We dreaded the gas. If the enemy had been used to using gas in our sector we was in, we dreaded it because the gas masks were a bulky pain in the neck and your arm on your chest already. They were in the way of everything you did and they were hard to get on and off and took time to get them out of their case. The manufacturers didn't make every one perfect and some of them didn't fit good, so that all you had to hang on to was keeping your nose plugged up, and tried to keep it out of your eyes. Once the gas got into your eyes or your nose, well you were a dead duck as far as any more action is concerned, because you couldn't breathe, you couldn't see, and your eyes would flow like a faucet. The water just ran down your cheeks and burn. You've seen pictures probably in magazines of men coming back from gas attacks, holding onto one another’s shoulder with bandages over their eyes. That's because they're temporarily blind. I've been that way twice. The second time it was very bad. I was in the hospital for several weeks before I got back. You think you're a goner. You choke, you can't see, and you burn to hell. You just think you're a goner. You're going to die right there. It’s a terrible feeling. It's a lot worse than a bullet.
Now we'll talk about tank warfare for a moment. We just happened to be in an area and fighting over terrain that was not amicable to tank warfare. So I never fought in front of or behind one of the big tanks. We had, for it’s time, a very good tank invented by the British. I forget the name of it, but it had a track that went clear around the tread and the length of that tank. It just moved all the time on this track. Modern tanks have tracks just around the wheels under the armor plating, but this one, the tread went clear around the length of the tank, one continuous length. It just crawled on these two treads. We never saw one of those in action. Those were mostly in action on the British front and in the northern part of France.
The tank that I did see, and I got to drive one, was a one-man French Renault. It's a little tiny tank, like a Model T automobile would have been in those days, just room for one man in there, and you had your machine gun. A .30 caliber French machine gun. Of course, they fended off the bullets and they were a ball to drive. I've driven one of those and the noise is terrible. The engines right there in your lap practically. It's right under you, and the smell is terrible. If you get into one of those in a gas attack, you're in bad trouble. You have to have some clear air and you can't wear your gas mask and drive one of those tanks- at least I couldn't because you just had little slits to see out of it. But I’ve been in them, and I've heard the bullets hit them like rain - hit the tin roof.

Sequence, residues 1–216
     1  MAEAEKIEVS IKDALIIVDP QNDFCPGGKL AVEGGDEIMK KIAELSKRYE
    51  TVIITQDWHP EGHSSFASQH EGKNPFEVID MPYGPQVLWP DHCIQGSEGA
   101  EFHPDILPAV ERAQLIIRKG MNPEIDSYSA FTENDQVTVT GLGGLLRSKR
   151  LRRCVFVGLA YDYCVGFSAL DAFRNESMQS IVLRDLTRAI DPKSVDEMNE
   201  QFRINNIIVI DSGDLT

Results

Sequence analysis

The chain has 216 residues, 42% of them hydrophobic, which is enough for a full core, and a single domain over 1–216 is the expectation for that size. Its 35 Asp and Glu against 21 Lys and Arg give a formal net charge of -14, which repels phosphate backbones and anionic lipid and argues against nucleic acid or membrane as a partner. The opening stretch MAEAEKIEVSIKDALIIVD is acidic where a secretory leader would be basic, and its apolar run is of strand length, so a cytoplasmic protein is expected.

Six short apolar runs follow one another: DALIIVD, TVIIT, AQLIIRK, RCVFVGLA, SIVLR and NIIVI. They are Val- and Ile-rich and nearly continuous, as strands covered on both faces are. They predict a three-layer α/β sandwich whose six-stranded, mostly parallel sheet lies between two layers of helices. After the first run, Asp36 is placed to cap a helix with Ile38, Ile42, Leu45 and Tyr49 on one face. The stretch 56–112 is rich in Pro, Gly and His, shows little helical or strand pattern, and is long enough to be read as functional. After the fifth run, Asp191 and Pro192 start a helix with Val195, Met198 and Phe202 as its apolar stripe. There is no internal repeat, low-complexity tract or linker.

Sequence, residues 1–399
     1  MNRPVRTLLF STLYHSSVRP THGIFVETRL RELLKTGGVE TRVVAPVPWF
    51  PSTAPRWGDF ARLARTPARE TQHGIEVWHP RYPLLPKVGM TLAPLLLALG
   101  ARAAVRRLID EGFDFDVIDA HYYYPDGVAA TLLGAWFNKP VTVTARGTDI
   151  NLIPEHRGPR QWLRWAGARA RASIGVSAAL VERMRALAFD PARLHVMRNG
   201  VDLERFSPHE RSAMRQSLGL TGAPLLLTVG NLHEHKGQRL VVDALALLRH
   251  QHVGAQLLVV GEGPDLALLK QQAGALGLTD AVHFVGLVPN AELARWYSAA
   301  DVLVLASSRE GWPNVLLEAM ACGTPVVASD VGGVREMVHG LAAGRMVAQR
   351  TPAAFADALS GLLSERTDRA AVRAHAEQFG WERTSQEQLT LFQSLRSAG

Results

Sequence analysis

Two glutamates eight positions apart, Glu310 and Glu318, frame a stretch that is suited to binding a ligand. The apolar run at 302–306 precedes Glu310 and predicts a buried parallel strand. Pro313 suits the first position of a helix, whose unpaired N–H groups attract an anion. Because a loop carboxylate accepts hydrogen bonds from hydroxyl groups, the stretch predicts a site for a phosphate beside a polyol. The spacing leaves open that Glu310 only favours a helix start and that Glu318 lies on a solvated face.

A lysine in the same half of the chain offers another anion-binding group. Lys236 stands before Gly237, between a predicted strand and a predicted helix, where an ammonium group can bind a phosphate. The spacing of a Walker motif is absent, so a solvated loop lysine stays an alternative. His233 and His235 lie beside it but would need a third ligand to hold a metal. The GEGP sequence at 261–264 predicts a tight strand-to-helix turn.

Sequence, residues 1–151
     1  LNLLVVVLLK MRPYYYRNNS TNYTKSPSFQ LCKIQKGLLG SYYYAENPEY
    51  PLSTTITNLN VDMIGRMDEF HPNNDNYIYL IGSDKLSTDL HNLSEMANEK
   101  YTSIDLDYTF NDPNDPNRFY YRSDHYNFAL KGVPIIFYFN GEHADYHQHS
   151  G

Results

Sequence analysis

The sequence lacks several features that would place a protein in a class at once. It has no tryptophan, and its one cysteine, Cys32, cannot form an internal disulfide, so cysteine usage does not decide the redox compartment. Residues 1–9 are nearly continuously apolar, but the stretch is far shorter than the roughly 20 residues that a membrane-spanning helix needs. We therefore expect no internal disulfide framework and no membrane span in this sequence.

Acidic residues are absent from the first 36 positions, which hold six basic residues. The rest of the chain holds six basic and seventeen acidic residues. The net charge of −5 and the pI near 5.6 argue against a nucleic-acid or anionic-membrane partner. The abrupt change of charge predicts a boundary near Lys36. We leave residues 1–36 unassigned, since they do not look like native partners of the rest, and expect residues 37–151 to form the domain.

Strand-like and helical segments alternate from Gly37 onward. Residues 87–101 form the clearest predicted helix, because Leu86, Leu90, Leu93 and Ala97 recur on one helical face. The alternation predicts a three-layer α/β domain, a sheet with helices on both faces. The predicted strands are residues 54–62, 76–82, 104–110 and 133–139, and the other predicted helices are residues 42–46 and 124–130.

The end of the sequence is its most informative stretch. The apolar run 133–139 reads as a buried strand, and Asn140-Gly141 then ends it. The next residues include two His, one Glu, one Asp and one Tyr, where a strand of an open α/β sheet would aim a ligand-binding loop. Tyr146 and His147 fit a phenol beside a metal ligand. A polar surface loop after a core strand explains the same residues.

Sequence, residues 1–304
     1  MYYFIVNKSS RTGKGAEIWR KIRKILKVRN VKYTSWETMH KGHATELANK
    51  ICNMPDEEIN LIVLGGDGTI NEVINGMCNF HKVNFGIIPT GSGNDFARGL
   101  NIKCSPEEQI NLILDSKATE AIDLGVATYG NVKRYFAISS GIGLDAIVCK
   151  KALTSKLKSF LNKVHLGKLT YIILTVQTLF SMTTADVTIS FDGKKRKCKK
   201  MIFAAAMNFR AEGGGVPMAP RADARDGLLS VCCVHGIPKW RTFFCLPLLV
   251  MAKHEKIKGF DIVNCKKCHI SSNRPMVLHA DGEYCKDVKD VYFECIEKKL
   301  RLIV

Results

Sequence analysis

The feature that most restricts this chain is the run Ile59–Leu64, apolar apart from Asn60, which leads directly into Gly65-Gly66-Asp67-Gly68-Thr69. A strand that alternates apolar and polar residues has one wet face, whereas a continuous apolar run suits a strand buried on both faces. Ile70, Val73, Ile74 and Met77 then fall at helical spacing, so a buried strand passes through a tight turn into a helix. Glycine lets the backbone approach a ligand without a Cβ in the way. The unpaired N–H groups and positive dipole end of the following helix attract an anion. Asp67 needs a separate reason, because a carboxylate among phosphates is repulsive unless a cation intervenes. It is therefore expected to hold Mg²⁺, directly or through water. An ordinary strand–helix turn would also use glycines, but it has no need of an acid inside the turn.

So anyhow, that was that was what you might call a fun caper just to see what it was like to drive a tank under fire. So it didn't amount to too much, but I did feel a great security in them. I know the average bullet would have torn me to pieces. What's going to hurt me? It just bounced off the armor of the tank. They were great little tanks. If you had the open country where you could move with them and take them right up to pillbox machine guns and put a .50 caliber machine gun out of commission right now because you’d shoot right into the aperture. They couldn't do a thing about it.